A more difficult limitation results from relative movement between the displayed image and the viewer's retina, whether the motion arises from the image or from the viewer's head and eye movements. In either case, the time-varying color components are no longer imaged on the same retinal region, and the observer experiences what has come to be known as "color breakup" or "the rainbow effect."

 

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Fig. 4: One possible configuration of STColor for a direct-view LCD utilizes an illumination source switchable between yellow (Y) and blue (B) along with an LCD panel and pixel mosaic consisting of a checkerboard pattern of magenta (M) and cyan (C) color filters. When the Y illuminant is activated during one temporal field, the display output consists of a checkerboard pattern of red (R) and green (G) subpixels. Activation of the B illuminant during an adjacent temporal field yields a display output of homogeneous B subpixels. The temporal combination of the two fields yields a full-color display.

 

Avoiding color breakup for RGB field-sequential-color displays in the presence of large high-velocity saccadic eye movements requires color field rates well in excess of those needed to eliminate flicker and can easily exceed 1000 Hz when the display luminance and contrast are high.4 The current de facto standard for sequential-color field rates is in the range of 360–480 fields per second. These high field rates impose severe bandwidth requirements on field-sequential-color displays and their drive electronics and make the temporal isolation of primary-color image fields very difficult.

Image quality has been an important driving force behind the rapid evolution of display technology. In all major market segments, the momentum toward higher display resolution and enhanced color quality is inescapable. This, in turn, has exposed the limitations of both spatial and temporal color synthesis and raises the question as to whether either method for synthesizing color can, by itself, fully satisfy the ever-increasing demands on display image quality. Clearly, new approaches to color synthesis are required to sustain the evolution of display technology.

Synthesizing Colors in Both Space and Time

Hybrid spatial and temporal color synthesis, herein designated as STColor, is a novel approach to the problem of display color synthesis that distributes the color synthesis function across both the spatial and temporal domains.5 The approach is fundamental and can be adapted to most color-display technologies, including direct-view matrix displays of both the non-emissive and emissive types, projection displays with matrix image sources, and near-to-eye virtual displays. The general approach reduces the number of primary-color subpixel elements from three to two, arranges the two primary subpixel elements in a 2-D checkerboard mosaic, and synthesizes the remaining third primary-color element by temporal synthesis.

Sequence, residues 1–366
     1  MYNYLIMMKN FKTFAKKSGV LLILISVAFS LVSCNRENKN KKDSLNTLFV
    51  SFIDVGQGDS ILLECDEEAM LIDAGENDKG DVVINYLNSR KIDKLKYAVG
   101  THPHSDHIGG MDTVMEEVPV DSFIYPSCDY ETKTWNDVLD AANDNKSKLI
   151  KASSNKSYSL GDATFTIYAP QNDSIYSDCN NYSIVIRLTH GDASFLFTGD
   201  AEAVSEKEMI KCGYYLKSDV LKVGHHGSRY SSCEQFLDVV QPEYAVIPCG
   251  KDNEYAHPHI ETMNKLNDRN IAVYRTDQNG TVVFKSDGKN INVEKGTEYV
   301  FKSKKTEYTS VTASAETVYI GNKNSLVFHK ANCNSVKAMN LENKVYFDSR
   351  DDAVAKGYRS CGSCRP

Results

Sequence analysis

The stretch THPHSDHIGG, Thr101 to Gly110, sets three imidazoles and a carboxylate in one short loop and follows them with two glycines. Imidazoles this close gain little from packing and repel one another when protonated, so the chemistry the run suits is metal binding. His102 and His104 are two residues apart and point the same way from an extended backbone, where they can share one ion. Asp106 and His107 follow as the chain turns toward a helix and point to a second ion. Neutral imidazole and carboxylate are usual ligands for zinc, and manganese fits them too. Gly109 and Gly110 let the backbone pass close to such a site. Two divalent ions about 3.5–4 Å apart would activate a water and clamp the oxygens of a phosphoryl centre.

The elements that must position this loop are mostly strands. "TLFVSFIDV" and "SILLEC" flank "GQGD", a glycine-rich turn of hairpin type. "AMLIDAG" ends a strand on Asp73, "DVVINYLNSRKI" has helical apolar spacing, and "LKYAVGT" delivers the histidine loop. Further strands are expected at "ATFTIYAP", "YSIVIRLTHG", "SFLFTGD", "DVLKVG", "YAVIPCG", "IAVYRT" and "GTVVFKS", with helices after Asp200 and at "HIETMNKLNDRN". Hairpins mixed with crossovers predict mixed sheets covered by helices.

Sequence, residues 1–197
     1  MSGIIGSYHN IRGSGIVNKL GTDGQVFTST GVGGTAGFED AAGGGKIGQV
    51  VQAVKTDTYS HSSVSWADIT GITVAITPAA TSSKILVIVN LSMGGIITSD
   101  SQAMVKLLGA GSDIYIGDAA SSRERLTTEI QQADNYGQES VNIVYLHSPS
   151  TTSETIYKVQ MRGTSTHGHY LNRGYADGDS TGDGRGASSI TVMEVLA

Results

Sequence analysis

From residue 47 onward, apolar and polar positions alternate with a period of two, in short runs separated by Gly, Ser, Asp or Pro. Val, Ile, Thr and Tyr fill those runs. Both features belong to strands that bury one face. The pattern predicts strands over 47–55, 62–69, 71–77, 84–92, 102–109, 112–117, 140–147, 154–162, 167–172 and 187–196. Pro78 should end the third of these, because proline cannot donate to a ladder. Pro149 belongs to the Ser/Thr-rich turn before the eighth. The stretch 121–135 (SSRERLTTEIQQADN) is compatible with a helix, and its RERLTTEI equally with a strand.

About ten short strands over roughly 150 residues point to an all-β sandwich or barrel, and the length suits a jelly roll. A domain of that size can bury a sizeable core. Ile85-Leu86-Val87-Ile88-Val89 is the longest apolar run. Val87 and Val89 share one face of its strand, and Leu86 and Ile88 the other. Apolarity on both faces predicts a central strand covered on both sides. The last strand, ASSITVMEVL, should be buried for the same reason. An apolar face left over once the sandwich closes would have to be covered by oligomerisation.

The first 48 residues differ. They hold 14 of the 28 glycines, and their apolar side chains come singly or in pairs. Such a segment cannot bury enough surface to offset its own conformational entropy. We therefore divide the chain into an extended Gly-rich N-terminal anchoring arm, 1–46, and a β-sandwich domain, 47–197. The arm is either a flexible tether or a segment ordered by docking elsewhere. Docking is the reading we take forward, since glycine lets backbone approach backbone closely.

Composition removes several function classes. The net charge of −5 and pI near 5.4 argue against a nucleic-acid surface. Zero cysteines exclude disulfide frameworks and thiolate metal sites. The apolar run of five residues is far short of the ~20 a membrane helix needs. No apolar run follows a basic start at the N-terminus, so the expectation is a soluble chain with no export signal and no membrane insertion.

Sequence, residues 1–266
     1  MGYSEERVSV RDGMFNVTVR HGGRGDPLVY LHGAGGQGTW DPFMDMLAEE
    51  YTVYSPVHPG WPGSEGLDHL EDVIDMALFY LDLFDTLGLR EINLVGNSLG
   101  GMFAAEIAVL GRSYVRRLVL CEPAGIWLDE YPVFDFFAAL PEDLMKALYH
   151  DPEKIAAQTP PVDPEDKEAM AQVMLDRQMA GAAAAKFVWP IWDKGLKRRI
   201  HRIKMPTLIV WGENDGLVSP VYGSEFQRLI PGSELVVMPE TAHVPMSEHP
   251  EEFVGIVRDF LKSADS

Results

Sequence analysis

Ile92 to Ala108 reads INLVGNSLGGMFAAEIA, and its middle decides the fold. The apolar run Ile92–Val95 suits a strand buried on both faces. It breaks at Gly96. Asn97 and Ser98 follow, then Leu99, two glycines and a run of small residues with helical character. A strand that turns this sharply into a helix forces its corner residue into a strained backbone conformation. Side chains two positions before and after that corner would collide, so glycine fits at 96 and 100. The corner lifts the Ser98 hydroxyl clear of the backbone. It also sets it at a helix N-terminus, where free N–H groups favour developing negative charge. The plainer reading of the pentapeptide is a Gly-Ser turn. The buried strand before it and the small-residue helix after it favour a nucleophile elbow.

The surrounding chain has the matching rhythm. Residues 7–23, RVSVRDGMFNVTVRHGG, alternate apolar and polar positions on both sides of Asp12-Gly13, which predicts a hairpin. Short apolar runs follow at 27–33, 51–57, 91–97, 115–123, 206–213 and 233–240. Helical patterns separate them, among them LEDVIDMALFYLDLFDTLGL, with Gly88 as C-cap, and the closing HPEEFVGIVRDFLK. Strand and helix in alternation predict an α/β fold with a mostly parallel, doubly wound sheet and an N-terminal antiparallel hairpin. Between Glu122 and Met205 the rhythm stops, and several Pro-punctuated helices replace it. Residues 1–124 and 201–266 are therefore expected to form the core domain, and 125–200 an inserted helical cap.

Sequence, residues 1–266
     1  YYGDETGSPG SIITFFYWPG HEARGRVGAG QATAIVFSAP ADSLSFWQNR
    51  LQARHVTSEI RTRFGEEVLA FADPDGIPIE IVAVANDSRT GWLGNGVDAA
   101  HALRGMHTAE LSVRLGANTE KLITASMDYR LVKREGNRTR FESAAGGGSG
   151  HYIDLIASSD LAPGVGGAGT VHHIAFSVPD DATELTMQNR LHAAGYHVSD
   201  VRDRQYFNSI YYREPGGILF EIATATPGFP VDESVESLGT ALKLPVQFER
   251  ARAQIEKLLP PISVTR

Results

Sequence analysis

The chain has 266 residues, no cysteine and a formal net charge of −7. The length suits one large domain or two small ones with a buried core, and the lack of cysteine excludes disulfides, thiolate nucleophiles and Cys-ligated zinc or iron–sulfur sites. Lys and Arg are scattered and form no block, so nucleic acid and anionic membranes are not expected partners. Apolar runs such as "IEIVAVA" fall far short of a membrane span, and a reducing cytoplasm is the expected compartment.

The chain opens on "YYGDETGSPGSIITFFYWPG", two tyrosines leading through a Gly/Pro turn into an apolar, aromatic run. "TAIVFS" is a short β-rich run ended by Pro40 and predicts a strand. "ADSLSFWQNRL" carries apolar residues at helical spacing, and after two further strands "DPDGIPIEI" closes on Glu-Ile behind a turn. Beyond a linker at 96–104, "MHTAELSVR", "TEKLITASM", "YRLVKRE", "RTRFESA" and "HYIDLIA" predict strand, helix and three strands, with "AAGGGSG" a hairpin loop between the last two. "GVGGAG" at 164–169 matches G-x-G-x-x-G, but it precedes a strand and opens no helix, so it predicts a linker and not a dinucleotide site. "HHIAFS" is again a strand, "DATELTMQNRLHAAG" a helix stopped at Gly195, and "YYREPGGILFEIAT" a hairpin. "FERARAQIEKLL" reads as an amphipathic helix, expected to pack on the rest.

One possible configuration of STColor for a direct-view LCD illustrates the general principles of the method, which must be adapted to specific applications (Fig. 4). In this configuration, an illumination source switchable between yellow (Y) and blue (B) spectral power distributions is combined with an LCD panel and a pixel mosaic consisting of a checkerboard pattern of magenta (M) and cyan (C) color filters. The sources of illumination may be combinations of light-emitting diodes (LEDs), cold-cathode fluorescent lamps (CCFLs), laser diodes, or any other potential source with suitable spectral, temporal, and intensity characteristics. When the Y illuminant is activated during one temporal field, the display output consists of a checkerboard pattern of red (R) and green (G) sub-pixels. Activation of the B illuminant during an adjacent temporal field yields a display output of homogeneous B subpixels. The temporal combination of the two fields yields a full-color display. Since the homogeneous B field provides twice the space-average amount of B luminance required to achieve white balance, light throughput efficiency of the system may be enhanced by doubling the relative duration of the R/G fields. Although there are many possible ways to partition the spatial and temporal components, this configuration isolates the short-wavelength contribution to the temporal domain and thus capitalizes on the unique structure and attributes of the HVS color channels.5